Mae Clair’s Mythical Monday: Channeling Changelings

Hey, friends! It’s Mythical Monday!

Before, I kick off today’s star mythology player, I want to announce the winner of my Vampires vs. Werewolves Blog Hop giveaway. Congrats to Tracey D. who won an ebook copy of my paranormal/time travel romance, WEAHTERING ROCK. Tracey, I will contact you by email to see if you prefer a Kindle or Nook version.

Also, congratulations to Joder, who won the Kindle copy of Deborah Palumbo’s paranormal novel, THE UNDERPARTED. Deborah will contact you directly regarding her giveaway. Thanks to everyone who participated and dropped by my blog.

And now, I’d like to channel some changelings 🙂

bigstock-Twilight-in-the-forest-mystic-16150733There is an old legend that circulates among the varied cultures of Western Europe about humans who were spirited away by faeries, with changelings left in their place.

Although adults were often taken, infants were most at risk. New parents were wise to watch their babies closely and stand guard through the dark hours of the night until the day the child was baptized. Left untended for even a brief time, an unbaptized baby might be snatched away and replaced with the unwanted offspring of a faerie, elf or troll. To protect from such calamity, crucifixes or iron could be placed by the cradle as defensive wards. An article of the father’s clothing or a sprig of boxwood blessed by a priest served the same purpose.

Why would the Fae abandon their children? Many were born sickly or frail and deemed a nuisance by their ethereal parents who much preferred a healthy human babe. The changeling child would be placed in the cradle, characteristics like wizened, parchment skin and licorice-black eyes concealed by faerie glamour. Sometimes an enchanted piece of wood, called a stock, would be left instead, magic employed to make it look like the child. Unsuspecting parents wouldn’t realize what had happened until the changeling was presented for baptism and the touch of holy water made the child scream uncontrollably. If a stock, it would wither and die in a short time.

Although changelings were evil creatures, bringing ill fortune to those that housed them, they were not long for the mortal world. Perhaps because they were such a miserable lot, shrieking and howling throughout the day, biting, ravenous of appetite, delighting in mishap. They rarely lived more than two to three years, though even that span was a harsh eternity to any family burdened with one.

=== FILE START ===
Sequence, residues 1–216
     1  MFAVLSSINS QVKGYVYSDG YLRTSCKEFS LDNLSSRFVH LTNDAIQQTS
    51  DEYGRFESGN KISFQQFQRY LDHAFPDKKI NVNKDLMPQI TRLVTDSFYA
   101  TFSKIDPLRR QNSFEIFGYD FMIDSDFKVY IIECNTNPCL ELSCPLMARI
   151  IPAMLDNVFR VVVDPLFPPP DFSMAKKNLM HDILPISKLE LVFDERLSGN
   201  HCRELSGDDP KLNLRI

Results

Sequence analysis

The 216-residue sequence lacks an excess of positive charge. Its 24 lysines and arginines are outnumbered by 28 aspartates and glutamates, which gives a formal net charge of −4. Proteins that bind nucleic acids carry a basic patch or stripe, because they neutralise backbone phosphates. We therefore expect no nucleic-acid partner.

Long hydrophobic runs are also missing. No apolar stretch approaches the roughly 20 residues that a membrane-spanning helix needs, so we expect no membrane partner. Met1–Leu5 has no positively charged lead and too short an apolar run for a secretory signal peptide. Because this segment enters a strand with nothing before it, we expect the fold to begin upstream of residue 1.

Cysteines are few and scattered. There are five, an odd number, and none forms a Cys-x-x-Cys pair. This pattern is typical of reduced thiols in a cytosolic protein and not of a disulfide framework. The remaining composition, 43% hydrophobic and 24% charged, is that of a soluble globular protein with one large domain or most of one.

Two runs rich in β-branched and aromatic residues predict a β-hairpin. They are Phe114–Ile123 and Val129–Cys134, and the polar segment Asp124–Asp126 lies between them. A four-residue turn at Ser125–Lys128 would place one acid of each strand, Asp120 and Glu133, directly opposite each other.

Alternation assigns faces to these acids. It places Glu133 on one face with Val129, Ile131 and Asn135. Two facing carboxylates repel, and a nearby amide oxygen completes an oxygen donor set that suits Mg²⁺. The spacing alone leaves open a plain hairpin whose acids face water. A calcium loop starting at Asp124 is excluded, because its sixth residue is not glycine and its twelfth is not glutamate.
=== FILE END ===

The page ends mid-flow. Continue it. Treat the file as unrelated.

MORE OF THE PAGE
It’s no wonder attempts were made to drive the changeling off. Some methods included ignoring its constant wailing, abandoning it on a hillside, threatening it with a heated ploughshare or making it laugh. Given its nature, gaiety of any sort must have been equivalent to a death knell should it hang around.  In many respects, it’s hard not to feel sorry for these wretched creatures who were unwanted by their natural parents. If the changeling was successfully driven away, even years later, the human child would be returned. Those who found their way back to their real parents reported being treated kindly in the Faerie Court.  How pitiful the Fae didn’t extend that same courtesy and love to their own children.

Woman with a nest in hairI think of changelings as one of the darker aspects of fairytales and mythology.  Although I can’t recall a specific book, I know I’ve read several tales in which changelings played a part. Can you think of any fairytale, book or movie that included a changeling? If you’d lived in a time/reality where changelings were real, do you think you could have sympathy for such a pathetic and malicious creature? Do you think a changeling could be turned if treated as a human child?


16 thoughts on “Mae Clair’s Mythical Monday: Channeling Changelings

  1. interesting especially since I am considering using faeries in my newest wip but I’m thinking they take human form and then return to fae. Not sure it will make sense


    • Love the fae, Sue, whatever form they take. I’ve got a fantasy trilogy with them and an urban fantasy/new adult novel – – all written years ago. I would love to resurrect them at some point if I can just find the time. I’ll be looking forward to seeing glimpses of yours.